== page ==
If you don’t cover paint chips with touch up paint, they’ll rust and then you’ll have a much bigger problem on your hands. The actual touch up is easy. Just buy touch up paint, fine tip paint applicators and wax and grease remover from any auto parts store. Clean the chip with the wax and grease remover and let it dry. Then dip the applicator in the paint and dab it onto the chip. Don’t add too much or the paint will drip. Let it dry completely and apply wax after 30 days. Get the full guide to using auto touch-up paint here.
Grandma’s Handyman Service provides homeowners and businesses with superior handyman services at affordable prices. Our happy customers give us lots of repeat business and lots of nice compliments. But don’t take our word for it! Click here to read what our happy handyman customers have to say. And then call us today for minor or major repairs, small remodeling projects or just to finally get that honey-do list completed!

Sooner or later, every sprayed ceiling is going to get a water stain or a scrape. Spray texture in a can won’t perfectly match every ceiling texture, but it’s usually close, and a lot easier than respraying a whole ceiling. Before spraying, seal the patch with a stain-blocking primer, cover the floor and furniture, and practice your technique on scrap plywood or cardboard. Buy ceiling texture on Amazon now.
Periodic maintenance also falls under the general class of home repairs. These are inspections, adjustments, cleaning, or replacements that should be done regularly to ensure proper functioning of all the systems in a house, and to avoid costly emergencies. Examples include annual testing and adjustment of alarm systems, central heating or cooling systems (electrodes, thermocouples, and fuel filters), replacement of water treatment components or air-handling filters, purging of heating radiators and water tanks, defrosting a freezer, vacuum refrigerator coils, refilling dry floor-drain traps with water, cleaning out rain gutters, down spouts and drains, touching up worn house paint and weather seals, and cleaning accumulated creosote out of chimney flues, which may be best left to a chimney sweep.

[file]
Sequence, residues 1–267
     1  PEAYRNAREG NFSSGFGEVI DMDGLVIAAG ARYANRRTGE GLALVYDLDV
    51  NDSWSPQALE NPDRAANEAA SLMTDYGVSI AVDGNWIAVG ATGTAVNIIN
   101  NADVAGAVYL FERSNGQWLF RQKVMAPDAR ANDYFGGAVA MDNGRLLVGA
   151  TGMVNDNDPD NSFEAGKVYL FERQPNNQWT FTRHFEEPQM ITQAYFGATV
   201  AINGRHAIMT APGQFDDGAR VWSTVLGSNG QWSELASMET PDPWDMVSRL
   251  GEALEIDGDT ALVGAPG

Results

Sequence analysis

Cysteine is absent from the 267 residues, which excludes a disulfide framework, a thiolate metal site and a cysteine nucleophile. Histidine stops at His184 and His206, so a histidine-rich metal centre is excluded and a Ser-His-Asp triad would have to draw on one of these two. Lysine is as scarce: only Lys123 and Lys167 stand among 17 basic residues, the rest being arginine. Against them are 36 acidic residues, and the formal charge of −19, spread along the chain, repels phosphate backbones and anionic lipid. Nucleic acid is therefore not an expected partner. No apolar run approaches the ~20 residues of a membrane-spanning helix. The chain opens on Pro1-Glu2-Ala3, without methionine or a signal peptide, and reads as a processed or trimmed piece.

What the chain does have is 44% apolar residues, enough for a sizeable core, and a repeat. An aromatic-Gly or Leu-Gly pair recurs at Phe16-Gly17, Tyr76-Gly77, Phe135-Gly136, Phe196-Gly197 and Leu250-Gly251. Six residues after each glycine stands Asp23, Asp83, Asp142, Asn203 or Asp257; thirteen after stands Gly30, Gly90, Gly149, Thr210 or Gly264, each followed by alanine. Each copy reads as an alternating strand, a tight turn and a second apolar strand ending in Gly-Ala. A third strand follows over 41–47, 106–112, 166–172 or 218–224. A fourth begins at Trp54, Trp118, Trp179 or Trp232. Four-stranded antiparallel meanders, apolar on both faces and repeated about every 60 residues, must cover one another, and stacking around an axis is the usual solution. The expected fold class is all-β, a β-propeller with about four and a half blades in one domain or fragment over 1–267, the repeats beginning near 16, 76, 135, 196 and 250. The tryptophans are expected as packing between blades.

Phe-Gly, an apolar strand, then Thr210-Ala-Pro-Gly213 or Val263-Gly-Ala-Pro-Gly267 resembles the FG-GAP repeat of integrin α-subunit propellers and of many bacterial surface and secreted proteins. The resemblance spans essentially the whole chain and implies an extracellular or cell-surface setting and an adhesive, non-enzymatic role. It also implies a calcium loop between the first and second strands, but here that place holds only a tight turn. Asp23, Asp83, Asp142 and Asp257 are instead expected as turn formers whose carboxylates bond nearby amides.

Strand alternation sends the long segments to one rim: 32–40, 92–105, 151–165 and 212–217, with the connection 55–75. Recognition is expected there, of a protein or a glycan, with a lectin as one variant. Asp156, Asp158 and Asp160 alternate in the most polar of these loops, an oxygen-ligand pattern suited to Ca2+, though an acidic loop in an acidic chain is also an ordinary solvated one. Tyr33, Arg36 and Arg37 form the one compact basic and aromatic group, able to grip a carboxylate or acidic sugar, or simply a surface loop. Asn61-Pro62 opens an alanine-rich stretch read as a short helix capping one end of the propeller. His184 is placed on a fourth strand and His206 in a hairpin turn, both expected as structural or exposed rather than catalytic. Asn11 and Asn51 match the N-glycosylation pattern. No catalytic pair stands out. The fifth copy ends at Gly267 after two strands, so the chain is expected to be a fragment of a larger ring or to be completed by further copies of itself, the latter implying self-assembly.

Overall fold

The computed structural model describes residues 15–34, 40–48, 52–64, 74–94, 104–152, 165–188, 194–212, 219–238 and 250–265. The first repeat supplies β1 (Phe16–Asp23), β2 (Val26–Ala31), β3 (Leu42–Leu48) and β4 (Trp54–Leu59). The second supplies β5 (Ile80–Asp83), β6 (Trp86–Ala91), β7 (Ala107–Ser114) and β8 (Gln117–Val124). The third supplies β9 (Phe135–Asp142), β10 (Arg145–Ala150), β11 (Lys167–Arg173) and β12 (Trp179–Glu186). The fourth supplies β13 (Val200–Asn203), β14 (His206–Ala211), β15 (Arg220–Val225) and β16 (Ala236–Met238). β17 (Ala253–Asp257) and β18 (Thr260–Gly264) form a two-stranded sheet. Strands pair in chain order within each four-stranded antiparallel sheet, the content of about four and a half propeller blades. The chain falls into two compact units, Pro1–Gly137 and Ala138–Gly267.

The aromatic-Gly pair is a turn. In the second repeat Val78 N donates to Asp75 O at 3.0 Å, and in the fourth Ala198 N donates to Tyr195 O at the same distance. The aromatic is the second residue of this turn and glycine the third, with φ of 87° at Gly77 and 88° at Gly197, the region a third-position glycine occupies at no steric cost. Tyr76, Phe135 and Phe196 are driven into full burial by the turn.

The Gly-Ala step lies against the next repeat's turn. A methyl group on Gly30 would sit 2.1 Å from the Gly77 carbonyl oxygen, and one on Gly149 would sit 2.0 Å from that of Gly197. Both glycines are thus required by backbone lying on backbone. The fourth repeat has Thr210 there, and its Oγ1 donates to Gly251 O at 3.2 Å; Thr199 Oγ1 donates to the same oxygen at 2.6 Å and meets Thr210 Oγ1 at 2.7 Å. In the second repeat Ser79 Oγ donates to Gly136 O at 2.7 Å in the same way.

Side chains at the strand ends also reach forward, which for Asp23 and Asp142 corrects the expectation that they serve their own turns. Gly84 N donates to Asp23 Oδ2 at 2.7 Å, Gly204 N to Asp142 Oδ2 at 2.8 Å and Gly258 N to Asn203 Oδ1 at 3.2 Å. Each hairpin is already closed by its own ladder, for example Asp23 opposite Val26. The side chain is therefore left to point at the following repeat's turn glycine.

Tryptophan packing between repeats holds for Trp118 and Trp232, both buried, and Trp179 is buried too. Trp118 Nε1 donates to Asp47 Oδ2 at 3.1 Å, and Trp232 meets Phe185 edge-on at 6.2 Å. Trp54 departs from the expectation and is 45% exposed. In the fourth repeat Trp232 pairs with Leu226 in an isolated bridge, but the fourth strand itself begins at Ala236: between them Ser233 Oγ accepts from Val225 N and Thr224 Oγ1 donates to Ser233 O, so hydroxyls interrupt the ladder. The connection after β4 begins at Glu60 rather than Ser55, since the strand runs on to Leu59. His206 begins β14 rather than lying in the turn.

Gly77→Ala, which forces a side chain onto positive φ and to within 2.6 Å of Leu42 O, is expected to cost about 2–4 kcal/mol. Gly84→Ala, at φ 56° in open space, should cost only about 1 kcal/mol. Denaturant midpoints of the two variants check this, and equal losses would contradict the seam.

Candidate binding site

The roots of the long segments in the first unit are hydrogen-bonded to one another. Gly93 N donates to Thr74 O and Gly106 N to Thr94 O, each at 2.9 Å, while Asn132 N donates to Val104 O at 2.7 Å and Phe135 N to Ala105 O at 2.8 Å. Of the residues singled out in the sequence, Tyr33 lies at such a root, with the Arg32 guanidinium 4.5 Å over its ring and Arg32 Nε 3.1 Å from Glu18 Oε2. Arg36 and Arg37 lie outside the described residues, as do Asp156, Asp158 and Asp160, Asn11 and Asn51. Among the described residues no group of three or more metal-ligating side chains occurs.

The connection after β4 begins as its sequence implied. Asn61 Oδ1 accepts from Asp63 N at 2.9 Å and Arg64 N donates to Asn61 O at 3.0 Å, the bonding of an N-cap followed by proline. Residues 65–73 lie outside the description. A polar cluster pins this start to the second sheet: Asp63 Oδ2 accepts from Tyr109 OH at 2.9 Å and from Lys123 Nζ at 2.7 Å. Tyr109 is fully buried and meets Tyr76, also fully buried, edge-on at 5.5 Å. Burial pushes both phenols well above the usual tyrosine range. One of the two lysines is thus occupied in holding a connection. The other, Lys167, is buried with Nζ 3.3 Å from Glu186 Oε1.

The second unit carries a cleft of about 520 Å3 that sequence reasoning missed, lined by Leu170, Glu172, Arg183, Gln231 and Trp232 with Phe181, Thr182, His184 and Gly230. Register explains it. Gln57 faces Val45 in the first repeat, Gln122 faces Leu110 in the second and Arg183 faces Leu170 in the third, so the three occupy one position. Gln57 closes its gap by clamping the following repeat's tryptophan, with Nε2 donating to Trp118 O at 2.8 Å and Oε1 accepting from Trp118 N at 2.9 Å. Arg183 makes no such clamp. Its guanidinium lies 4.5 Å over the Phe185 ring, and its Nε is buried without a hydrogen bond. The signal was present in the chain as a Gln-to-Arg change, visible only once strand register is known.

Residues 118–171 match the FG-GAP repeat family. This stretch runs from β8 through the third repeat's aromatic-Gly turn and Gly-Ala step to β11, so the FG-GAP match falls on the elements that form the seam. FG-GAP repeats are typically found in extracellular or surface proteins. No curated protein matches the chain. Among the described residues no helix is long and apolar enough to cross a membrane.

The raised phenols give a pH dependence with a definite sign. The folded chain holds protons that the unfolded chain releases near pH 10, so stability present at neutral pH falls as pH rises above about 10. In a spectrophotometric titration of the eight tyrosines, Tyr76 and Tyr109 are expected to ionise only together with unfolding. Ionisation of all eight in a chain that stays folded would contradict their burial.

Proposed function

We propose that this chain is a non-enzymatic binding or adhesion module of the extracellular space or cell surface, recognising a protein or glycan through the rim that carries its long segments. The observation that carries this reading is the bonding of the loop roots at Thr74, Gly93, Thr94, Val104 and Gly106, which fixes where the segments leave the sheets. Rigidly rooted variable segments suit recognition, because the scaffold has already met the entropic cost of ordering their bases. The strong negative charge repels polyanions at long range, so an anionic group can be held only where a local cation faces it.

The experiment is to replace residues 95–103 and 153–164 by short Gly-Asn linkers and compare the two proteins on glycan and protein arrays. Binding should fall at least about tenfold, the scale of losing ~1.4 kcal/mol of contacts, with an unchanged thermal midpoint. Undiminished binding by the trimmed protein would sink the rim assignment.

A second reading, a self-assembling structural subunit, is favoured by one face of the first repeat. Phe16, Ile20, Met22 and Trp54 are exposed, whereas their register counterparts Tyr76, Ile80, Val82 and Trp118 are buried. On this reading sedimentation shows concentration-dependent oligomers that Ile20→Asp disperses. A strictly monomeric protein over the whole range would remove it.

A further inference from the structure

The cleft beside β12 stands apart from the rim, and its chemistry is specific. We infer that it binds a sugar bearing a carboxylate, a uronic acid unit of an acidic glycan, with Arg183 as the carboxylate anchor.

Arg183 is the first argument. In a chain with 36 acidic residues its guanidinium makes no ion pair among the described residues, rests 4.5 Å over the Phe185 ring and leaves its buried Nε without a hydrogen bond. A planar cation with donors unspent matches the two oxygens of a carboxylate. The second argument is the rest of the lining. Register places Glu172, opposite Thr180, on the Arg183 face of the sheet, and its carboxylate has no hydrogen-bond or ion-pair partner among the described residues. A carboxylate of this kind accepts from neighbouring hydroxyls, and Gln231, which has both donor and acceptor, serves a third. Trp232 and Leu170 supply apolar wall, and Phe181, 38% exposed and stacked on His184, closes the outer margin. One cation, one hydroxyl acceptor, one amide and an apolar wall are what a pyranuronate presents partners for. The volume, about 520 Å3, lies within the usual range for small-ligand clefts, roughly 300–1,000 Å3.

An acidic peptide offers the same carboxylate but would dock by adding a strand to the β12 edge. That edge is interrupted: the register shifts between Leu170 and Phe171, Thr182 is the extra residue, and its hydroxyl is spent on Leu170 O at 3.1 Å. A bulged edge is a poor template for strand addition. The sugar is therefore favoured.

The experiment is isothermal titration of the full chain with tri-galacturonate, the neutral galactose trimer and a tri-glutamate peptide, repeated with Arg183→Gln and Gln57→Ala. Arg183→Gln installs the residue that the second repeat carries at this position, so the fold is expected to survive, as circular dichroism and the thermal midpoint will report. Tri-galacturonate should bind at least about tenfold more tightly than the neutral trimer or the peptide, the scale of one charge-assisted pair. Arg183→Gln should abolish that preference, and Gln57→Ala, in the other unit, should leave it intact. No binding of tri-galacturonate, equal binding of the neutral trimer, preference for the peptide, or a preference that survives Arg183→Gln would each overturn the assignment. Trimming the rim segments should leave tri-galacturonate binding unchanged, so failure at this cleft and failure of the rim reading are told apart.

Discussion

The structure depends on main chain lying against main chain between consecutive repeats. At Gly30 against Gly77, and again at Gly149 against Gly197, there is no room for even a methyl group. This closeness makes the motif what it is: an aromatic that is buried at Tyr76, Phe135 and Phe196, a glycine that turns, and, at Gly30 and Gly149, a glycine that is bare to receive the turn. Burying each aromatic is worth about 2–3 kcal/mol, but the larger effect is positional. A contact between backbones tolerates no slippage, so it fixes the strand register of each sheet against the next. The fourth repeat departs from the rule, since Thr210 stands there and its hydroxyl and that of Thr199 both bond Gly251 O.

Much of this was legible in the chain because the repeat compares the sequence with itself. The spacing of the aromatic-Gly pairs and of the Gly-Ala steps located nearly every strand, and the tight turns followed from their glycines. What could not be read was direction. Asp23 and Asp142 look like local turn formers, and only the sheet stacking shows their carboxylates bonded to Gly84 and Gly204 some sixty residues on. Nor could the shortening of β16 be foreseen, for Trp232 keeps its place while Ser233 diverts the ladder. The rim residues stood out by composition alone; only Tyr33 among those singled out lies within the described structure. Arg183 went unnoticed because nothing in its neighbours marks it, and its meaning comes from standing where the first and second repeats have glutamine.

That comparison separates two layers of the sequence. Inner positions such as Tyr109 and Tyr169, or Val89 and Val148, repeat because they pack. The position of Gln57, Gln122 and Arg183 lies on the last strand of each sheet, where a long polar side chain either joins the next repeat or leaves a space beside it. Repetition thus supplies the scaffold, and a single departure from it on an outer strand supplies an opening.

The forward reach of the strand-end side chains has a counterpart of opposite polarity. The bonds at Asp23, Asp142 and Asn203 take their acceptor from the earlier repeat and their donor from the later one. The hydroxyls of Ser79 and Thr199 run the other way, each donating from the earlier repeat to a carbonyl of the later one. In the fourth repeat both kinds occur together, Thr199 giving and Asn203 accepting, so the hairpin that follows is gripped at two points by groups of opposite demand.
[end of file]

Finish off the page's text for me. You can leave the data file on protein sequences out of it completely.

With Grandma’s handymen in Aurora, Parker, Highlands Ranch and Denver, handyman help is just a phone call away! Our Denver handyman staff specializes in home maintenance and repair, and is experienced in a variety of trades including plumbing, painting, drywall, electrical, and carpentry. Click here for a list of our handyman services in Aurora, Denver, Parker, Highlands Ranch, Lone Tree, Centennial, Littleton, Lakewood, and Englewood.
Before you go through the trouble of repainting a ceiling to get rid of a water stain, try this trick. Spray the spot with a bleach and water solution (10 percent bleach), and wait a day or two. If it’s an old stain, use a mold and mildew remover from the grocery store. You’d be surprised how often the stain disappears by the next day. It works on both flat and textured ceilings.
How to DIY it: This job can be messy, so protect nearby surfaces by covering them with plastic or cardboard. Spray the springs with garage door lubricant (about 
$7 at home centers). Don’t use oil, grease, or other lubricants. They may be cheaper, or you may have them on hand already, but they won’t work as well and tend to pick up dust and grit—just what you don’t want on moving parts.